Mass Percentage Definition and Example

Understand Mass Percentage in Chemistry

Mass percentage represents the concentration of a sample.
Mass percentage represents the concentration of a sample. Glow Images, Inc / Getty Images

Mass Percentage Definition

Mass percentage is one way of representing the concentration of an element in a compound or a component in a mixture. Mass percentage is calculated as the mass of a component divided by the total mass of the mixture, multiplied by 100%.

Also Known As: mass percent, (w/w)%

Mass Percentage Formula

Mass percent is the mass of the element or solute divided by the mass of the compound or solute.

The result is multiplied by 100 to give a percent.

The formula for the amount of an element in a compound is:

mass percent = (mass of element in 1 mole of compound / mass of 1 mole of compound) x 100

The formula for a solution is:

mass percent = (grams of solute / grams of solute plus solvent) x 100

or

mass percent = (grams of solute / grams of solution) x 100

The final answer is given as %.

Mass Percentage Examples

Example 1: Ordinary bleach is 5.25% NaOCl by mass, which means each 100 g of bleach contains 5.25 g NaOCl.

Example 2: Find the mass percentage of 6 g sodium hydroxide dissolved in 50 g of water. (Note: since the density of water is nearly 1, this type of question often gives the volume of water in milliliters.)

First find the total mass of the solution:

total mass = 6 g sodium hydroxide + 50 g water
total mass = 56 g

Now, you can find the mass percentage of the sodium hydroxide using the formula:

mass percent = (grams of solute / grams of solution) x 100
mass percent = (6 g NaOH / 56 g solution) x 100
mass percent = (0.1074) x 100
answer = 10.74% NaOH

Example 3: Find the masses of sodium chloride and water required to obtain 175 g of a 15% solution.

This problem is a bit different because it gives you the mass percentage and asks you to then find how much solute and solvent are needed to yield a total mass of 175 grams.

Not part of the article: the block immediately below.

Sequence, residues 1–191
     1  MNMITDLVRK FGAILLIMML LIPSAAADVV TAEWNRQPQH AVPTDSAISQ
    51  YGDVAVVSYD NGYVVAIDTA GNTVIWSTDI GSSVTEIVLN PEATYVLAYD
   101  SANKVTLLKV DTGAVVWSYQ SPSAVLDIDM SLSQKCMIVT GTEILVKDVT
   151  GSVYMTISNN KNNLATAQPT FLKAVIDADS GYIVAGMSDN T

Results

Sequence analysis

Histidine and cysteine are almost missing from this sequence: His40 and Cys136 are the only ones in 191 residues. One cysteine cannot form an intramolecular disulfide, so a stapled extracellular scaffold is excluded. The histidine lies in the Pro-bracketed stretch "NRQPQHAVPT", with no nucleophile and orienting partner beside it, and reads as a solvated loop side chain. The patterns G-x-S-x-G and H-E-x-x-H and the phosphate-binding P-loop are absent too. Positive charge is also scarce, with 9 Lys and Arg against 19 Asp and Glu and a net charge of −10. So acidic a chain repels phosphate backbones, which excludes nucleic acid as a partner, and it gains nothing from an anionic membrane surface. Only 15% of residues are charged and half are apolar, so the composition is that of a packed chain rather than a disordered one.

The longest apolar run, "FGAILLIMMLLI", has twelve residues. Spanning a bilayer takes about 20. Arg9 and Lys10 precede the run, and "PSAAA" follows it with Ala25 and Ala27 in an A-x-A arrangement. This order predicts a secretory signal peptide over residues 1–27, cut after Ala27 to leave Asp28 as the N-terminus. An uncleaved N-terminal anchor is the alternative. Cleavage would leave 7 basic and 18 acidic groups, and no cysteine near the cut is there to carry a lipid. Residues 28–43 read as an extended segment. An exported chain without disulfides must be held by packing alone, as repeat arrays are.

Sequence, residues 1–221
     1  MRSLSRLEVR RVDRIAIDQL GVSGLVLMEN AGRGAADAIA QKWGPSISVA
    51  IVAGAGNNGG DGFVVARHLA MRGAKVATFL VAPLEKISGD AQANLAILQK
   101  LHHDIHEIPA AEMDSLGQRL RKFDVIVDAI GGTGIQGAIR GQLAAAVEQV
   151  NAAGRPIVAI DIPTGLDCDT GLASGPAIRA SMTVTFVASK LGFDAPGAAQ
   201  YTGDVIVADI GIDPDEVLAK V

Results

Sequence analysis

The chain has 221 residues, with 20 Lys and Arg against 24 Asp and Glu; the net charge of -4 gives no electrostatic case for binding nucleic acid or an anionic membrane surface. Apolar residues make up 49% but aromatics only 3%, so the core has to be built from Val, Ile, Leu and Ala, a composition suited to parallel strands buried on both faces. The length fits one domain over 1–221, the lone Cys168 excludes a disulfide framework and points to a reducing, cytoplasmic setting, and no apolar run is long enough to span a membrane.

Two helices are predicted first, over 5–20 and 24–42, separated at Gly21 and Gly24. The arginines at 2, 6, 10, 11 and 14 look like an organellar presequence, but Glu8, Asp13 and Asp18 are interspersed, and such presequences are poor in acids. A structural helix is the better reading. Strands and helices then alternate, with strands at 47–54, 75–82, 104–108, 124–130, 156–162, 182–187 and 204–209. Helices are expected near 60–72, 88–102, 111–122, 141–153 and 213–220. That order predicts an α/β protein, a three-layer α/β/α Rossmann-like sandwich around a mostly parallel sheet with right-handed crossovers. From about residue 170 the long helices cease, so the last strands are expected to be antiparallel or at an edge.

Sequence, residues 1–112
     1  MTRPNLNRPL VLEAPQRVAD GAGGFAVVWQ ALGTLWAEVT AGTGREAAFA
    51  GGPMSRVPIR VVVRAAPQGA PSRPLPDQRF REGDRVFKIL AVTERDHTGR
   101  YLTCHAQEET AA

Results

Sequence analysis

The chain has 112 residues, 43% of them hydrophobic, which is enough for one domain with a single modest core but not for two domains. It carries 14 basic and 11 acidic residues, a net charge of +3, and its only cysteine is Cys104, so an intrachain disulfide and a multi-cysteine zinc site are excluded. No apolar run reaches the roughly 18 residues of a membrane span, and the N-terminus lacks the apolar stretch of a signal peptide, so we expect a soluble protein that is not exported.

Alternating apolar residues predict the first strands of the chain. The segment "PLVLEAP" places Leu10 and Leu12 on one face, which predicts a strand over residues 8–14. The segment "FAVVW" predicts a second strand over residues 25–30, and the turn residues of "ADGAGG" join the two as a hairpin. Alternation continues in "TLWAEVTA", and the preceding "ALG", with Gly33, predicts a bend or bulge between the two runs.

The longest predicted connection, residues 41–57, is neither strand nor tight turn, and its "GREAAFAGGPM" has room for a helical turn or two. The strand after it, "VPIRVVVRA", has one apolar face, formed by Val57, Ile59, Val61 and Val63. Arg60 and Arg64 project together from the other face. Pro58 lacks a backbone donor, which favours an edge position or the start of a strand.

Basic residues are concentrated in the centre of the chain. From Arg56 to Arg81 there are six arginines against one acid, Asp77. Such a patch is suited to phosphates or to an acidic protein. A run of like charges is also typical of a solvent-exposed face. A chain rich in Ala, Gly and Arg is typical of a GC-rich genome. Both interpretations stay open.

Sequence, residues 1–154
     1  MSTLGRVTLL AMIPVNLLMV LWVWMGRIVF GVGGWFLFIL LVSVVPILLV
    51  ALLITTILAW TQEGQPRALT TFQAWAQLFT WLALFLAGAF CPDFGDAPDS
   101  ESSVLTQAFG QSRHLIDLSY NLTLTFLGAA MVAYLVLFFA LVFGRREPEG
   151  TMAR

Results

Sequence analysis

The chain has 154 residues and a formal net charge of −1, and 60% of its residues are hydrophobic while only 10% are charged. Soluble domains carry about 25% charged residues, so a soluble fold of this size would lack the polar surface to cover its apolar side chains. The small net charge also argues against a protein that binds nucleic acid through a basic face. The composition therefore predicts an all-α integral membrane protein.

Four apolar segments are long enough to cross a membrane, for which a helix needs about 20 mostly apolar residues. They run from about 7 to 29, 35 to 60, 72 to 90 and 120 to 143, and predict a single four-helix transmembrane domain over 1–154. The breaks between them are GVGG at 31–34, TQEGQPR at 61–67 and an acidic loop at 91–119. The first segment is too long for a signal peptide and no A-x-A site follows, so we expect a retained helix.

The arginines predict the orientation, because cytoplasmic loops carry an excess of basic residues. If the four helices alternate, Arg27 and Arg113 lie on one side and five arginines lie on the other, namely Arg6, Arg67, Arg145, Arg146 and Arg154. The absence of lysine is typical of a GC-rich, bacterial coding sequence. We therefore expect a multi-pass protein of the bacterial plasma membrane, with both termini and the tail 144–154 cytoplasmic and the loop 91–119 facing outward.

Start with the usual equation and fill in the given information:

mass percent = (grams solute / grams solution) x 100
15% = (x grams sodium chloride / 175 g total) x 100

Solving for x will give you the amount of NaCl:

x = 15 x 175 / 100
x = 26.25 grams NaCl

So, now you know how much salt is needed. The solution consists of the sum of the amount of salt and water. Simply subtract the mass of salt from the solution to obtain the mass of water that is required:

mass of water = total mass - mass of salt
mass of water = 175 g - 26.25 g
mass of water = 147.75 g

Example 4: What is the mass percent of hydrogen in water?

First, you need the formula for water, which is H2O. Next you look up the mass for 1 mole of hydrogen and oxygen (the atomic masses) using a periodic table.

hydrogen mass = 1.008 grams per mole
oxygen mass = 16.00 grams per mole

Next, you use the mass percentage formula. The key to performing the calculation correctly is to note there are 2 atoms of hydrogen in each water molecule. So, in 1 mole of water there are 2 x 1.008 grams of hydrogen. The total mass of the compound is the sum of the mass of the two hydrogen atoms and one oxygen atom.

mass percent = (mass of element in 1 mole of compound / mass of 1 mole of compound) x 100
mass percent hydrogen = [(2 x 1.008) / (2 x 1.008 + 16.00)] x 100
mass percent hydrogen = (2.016 / 18.016) x 100
mass percentage hydrogen = 11.19%